Rough service bulb does much better there now.

    Bookmark   February 6, 2011 at 10:53PM
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... could be range hoods, garbage disposals, central vacuum system, etc... basically anything motorized that could transmit vibration to the light fixture.

    Bookmark   February 6, 2011 at 10:57PM
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Fixizin, I had a similar situation with one of my rentals. The tenants of one unit griped that the outside light kept burning out. Turned out they were slamming the door and the whole wall where the light was mounted shook. I put in a compact fluorescent for them, and it lasted for years.

    Bookmark   February 7, 2011 at 12:01AM
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All great to know. Thanks, everyone.

    Bookmark   February 8, 2011 at 9:27AM
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Just curious, what type of "lights" do you have in your kitchen? That is, what type of fixture? Is it by any chance a cieling fan?

    Bookmark   February 8, 2011 at 10:06AM
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DavidR, yeah, I'll go that extra mile too, for nicer/older/long-term tenants, who are just not savvy on such things.

I'd never considered CFs as "rough service" but I guess perhaps their filament config makes them so...? I'm still irked by the hassle I got trying to return a CF which had an EXPLICIT 5-YEAR guarantee, but died in less than 1 yr... gads, who wants to file away a $6 receipt for half a decade? Bloody hell, read the mfr. date code on the base, and gimme my replacement bulb, whydoncha? ;')

I'm all for saving energy, but compared to HVAC, refrigeration, water heating, and "home theaters", lighting is a dubious place to be focusing so much hoopla... and where's the data on how much extra energy is consumed in the MANUFACTURE and DISPOSAL life-cycle of these "better" bulbs? Is it another net-E-LOSS Potemkin Village, like corn-based ETHANOL, foisted on us by the faux-Greens?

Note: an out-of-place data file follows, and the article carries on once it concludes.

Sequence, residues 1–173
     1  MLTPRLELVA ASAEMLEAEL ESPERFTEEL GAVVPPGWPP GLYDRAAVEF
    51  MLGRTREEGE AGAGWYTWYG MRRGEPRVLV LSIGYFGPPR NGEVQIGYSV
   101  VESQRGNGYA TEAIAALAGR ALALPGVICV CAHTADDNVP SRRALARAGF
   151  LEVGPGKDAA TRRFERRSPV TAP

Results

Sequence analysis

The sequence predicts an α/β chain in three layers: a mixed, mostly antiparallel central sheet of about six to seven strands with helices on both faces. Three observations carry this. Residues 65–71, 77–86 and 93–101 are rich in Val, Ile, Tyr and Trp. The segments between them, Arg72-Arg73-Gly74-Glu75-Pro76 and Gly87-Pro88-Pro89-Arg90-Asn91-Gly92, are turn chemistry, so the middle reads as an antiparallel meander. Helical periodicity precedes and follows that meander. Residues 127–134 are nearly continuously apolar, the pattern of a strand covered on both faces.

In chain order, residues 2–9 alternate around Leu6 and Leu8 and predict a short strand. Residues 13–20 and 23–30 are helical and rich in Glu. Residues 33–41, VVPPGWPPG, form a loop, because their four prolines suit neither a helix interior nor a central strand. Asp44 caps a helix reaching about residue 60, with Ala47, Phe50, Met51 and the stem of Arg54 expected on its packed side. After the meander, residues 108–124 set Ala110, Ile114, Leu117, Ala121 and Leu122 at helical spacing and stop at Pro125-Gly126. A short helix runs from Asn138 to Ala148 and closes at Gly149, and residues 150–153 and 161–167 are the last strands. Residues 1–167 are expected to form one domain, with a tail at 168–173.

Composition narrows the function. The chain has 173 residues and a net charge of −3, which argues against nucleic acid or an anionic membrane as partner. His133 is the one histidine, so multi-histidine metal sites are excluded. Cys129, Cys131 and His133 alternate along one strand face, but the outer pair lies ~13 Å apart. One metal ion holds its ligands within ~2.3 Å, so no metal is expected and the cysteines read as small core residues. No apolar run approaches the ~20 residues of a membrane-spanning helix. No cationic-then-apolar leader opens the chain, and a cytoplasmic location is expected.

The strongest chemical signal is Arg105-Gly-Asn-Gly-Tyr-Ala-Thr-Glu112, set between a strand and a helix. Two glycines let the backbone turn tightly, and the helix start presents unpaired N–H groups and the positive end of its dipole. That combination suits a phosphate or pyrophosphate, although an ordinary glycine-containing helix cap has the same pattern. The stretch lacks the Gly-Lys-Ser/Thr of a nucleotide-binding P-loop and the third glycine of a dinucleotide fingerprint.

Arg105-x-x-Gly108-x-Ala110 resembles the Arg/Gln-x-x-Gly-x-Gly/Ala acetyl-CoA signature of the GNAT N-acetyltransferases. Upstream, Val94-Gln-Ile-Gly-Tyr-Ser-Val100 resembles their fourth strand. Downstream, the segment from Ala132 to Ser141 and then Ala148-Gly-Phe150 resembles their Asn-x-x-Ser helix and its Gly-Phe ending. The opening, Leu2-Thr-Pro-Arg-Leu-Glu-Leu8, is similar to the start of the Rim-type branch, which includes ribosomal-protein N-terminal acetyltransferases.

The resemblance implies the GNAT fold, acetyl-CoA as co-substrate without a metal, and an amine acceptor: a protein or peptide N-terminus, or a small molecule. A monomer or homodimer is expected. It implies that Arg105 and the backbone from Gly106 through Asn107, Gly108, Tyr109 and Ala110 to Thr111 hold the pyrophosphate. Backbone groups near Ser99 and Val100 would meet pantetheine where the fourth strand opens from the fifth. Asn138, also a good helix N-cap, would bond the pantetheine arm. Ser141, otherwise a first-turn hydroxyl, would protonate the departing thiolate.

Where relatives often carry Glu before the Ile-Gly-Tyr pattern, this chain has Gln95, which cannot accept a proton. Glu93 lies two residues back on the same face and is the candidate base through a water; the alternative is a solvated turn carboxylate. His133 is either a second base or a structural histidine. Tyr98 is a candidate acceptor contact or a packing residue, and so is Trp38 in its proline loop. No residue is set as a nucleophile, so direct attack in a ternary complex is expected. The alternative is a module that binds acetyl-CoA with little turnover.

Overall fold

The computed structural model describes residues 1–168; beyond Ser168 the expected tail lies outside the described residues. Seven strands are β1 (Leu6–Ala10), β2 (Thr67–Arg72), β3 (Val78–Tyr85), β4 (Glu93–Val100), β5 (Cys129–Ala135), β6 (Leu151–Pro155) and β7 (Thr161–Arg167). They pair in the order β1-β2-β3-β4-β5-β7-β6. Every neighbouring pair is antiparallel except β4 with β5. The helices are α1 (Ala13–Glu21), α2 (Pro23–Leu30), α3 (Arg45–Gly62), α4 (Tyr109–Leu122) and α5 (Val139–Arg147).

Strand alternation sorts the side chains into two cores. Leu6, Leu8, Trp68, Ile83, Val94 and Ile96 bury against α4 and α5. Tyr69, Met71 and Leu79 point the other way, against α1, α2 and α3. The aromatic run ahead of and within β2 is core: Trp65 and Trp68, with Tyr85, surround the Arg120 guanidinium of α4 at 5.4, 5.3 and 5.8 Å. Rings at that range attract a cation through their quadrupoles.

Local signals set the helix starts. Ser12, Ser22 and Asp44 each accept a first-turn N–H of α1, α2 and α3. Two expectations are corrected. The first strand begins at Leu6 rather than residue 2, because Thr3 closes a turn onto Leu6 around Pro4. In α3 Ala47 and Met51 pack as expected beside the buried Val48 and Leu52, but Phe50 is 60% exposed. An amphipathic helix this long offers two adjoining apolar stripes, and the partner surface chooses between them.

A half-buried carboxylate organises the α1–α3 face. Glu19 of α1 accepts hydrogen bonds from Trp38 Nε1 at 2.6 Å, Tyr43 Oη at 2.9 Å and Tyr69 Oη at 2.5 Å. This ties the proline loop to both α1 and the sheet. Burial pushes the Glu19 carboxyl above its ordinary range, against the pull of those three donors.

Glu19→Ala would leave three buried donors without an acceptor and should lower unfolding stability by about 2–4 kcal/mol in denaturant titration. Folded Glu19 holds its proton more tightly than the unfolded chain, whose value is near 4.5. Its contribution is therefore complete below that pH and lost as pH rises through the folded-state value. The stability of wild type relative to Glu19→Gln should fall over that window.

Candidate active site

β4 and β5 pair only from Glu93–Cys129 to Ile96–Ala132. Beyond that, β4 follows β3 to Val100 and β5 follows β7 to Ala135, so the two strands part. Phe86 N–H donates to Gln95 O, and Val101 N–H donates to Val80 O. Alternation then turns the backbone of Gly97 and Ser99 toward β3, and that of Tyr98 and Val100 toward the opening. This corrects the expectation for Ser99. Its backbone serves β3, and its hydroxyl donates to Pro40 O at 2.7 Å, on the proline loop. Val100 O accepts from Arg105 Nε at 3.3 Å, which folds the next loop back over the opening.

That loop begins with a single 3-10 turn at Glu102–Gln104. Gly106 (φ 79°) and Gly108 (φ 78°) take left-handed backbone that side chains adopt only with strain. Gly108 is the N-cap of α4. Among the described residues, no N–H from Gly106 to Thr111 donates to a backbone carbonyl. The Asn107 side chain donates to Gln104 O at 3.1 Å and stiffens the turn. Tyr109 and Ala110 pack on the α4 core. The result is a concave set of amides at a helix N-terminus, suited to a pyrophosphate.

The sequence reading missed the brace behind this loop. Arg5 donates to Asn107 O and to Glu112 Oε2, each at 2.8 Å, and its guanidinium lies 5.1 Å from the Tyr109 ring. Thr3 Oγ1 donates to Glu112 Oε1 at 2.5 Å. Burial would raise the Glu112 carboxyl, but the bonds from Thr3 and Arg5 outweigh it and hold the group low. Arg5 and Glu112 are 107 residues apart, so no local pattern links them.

Bookmark   February 9, 2011 at 8:15PM
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I don't really know about the energy used in making the CFs, and I have no clue where to find out, sorry.

No doubt some energy is used in shipping them from China, where practically all of them are now made. But then quite a few incandescent bulbs are made overseas too, so maybe that's a wash.

Lighting uses about 15% of US home electricity consumption. That may not sound like much, but it's the largest share of any single item except for air conditioning (which is 16.5%). That's why changing to more efficient lighting is one of the easiest ways to reduce home electrical consumption (and cost).

This is where I might also point out that the air leaks from swiss-cheese recessed light ceilings waste that cool air in the summer, too. Another reason not to install recessed lights.

Water heating is just over 9% of home consumption, and space heating is just under 9% (remember that a lot of houses have fuel-burning heat and the electricity consumption is only for the fans and such).

Check the link below, it has this and all kinds of interesting information, including stuff that I never knew.

For example, someone told me years ago that 20% of the electricity generated is wasted as heat in the power lines. Must be true, that's why birds sit on power lines in the winter, to get warm, right?

Wrong! My friend was way off. According to the DOE, the average national loss is only 6.5%. I think that's pretty amazing when you consider how many millions of miles of transmission line criss-cross the country.

Here is a link that might be useful: DOE Electricity FAQ

    Bookmark   February 10, 2011 at 11:57PM